So what he came up with is a potentially simple, sturdy source of electricity that can bring light to the darkness from the darkness, no magic wand required.
i feel sorry for the parrot fishes! Yes this fish can be eaten, but for us divers this is a big No No!!! There are important reasons why we should not eat them and we should educate the fishermen to stop catching these beautiful fish! Please do spare them … the ocean needs them to regenerate. Read below to be educated. They’re lots of fish you can catch in the sea. They can sell and cook the other fish, but leave the parrot fish!
Here is why:
Parrotfish eat algae and dead coral*. They spend up to 90% of their day nibbling. In other words, they clean the reef. This is important because most of the reefs across the tropics are being smothered by algae because there are not enough parrotfish and other herbivores out there grazing.
After all that eating, get this: They poop fine white sand – lots of it! Each parrotfish produces up to 320 kilograms (700 pounds) of sand each year.
Their numbers are so depleted, and algae levels are so high, that they cannot be fished sustainably right now anywhere in the Caribbean. These flamboyant, algae-eating, sand-pooping fish need to be left in the water. And when they are left to chomp away, they do a brilliant job. A massive new report concludes that reefs where parrotfish were abundant in the 1980s are the reefs that are healthy now.
There is a reason for their existence so please let’s not eat them … To our Govt. Please educate our fishermen… Say no to catching parrot fish! Let’s not buy parrot fish so they won’t catch them anymore.
While anecdotal reports indicate psychedelics are useful in artistic and meditative pursuits, users have also reported them beneficial for physical activities dependent on alertness, awareness, and the rapid processing of sensory data — everything from climbing rock pitches to pitching in pro baseball, it seems.1–4
But in recent years, accounts have surfaced on internet forums of psychedelics offering a different sort of benefit for exercise: increased energy and reduced fatigue during endurance sports like cycling and running.5–8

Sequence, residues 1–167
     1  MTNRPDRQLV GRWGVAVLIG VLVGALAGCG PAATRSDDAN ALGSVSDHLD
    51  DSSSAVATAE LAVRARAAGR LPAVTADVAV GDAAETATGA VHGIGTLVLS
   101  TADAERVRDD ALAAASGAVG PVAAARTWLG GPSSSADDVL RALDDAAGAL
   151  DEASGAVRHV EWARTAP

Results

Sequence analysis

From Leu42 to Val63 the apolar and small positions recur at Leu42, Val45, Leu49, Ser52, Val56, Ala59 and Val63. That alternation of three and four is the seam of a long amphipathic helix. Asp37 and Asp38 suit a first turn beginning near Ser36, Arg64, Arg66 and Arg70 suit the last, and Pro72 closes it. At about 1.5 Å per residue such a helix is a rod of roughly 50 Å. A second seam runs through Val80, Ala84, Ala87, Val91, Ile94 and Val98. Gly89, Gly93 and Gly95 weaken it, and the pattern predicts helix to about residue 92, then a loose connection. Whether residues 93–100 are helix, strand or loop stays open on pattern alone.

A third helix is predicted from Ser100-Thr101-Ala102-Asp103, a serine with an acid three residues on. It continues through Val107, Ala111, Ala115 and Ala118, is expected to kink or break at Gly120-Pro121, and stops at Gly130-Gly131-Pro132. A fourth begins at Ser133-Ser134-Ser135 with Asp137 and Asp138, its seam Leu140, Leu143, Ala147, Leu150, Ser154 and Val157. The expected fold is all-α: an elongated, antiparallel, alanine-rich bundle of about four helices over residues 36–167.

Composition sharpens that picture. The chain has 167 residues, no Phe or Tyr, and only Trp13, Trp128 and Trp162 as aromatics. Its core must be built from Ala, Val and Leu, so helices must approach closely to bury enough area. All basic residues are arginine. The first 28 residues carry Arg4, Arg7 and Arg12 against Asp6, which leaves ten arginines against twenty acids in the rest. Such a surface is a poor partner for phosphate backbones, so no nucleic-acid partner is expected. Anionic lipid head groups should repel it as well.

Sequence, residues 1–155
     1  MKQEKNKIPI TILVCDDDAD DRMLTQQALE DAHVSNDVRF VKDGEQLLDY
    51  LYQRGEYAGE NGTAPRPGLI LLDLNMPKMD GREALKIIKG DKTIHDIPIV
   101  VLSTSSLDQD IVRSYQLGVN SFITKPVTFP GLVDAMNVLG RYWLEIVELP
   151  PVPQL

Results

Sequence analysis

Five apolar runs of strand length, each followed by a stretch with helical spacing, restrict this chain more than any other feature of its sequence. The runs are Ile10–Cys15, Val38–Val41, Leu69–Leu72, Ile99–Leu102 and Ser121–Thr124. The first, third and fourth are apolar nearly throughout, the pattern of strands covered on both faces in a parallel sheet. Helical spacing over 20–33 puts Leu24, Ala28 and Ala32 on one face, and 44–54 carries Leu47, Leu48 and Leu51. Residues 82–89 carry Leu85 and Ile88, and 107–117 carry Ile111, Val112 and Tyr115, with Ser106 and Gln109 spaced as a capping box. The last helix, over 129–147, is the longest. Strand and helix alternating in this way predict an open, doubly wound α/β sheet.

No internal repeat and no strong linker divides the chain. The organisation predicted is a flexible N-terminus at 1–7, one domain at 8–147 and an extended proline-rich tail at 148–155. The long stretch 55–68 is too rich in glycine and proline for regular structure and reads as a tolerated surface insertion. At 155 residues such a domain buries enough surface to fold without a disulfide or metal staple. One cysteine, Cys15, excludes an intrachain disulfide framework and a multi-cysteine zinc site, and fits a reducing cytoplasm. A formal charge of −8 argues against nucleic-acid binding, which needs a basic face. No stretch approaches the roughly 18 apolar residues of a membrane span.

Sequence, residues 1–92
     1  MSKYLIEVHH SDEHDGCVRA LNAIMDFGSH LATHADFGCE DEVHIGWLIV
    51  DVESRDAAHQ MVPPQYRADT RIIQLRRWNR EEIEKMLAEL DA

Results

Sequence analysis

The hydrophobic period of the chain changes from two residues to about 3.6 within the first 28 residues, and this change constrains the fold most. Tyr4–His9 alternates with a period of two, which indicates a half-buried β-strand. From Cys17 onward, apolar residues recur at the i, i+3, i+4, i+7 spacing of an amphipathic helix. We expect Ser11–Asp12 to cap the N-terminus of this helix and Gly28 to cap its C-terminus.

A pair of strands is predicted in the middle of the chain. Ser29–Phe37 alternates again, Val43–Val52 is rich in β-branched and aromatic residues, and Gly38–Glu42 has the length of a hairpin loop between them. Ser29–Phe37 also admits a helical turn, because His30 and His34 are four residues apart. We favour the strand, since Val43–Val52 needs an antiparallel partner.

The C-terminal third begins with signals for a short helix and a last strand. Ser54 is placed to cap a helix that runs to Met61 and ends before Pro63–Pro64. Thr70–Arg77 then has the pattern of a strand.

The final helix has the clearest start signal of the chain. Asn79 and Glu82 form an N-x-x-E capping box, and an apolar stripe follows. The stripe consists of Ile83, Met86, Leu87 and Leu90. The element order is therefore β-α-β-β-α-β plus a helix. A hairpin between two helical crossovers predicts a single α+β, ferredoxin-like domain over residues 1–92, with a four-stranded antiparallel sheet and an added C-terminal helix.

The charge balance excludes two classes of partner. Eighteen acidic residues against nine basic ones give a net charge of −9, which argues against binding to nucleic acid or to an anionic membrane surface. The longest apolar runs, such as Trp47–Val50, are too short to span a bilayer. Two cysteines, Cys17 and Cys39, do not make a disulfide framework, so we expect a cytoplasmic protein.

While the scientific literature is lacking in empirical studies examining the effects of psychedelics on aerobic exercise, experts suggest there are several possible mechanisms — including the placebo effect — that may describe these users’ experiences.
What the Experts Are Saying
In his comprehensive and widely cited 2016 overview of psychedelic science in the journalPharmacological Reviews, researcher Dr.David Nicholsof the University of North Carolina addresses the effects of psychedelics on brain function, sleep, time perception, and visual perception — but nothing related to endurance.9
By email, Nichols confirmed he was unaware of any studies to date focused on this research question in humans. He did, however, suggest a potential mechanism for increased energy and stamina based on previous findings in animal models:dopamine.
“Locomotor activity in rodents is generally a product of increased activity in dopaminergic areas of the brain,” Nichols said.
Psychedelics can turn off inhibitoryGABA pathwaysthat suppress dopaminergic tone. So dopaminergic activity is disinhibited, and the effect is similar to what happens if you take an amphetamine.
More generally, research in sports physiology has shown that perceived effort, fatigue, and energy levels — especially in endurance sports — are tightly metered and mediated by the brain. Performance isn’t as closely linked to purely physiological parameters such as VO2 max and lactate threshold as researchers once thought.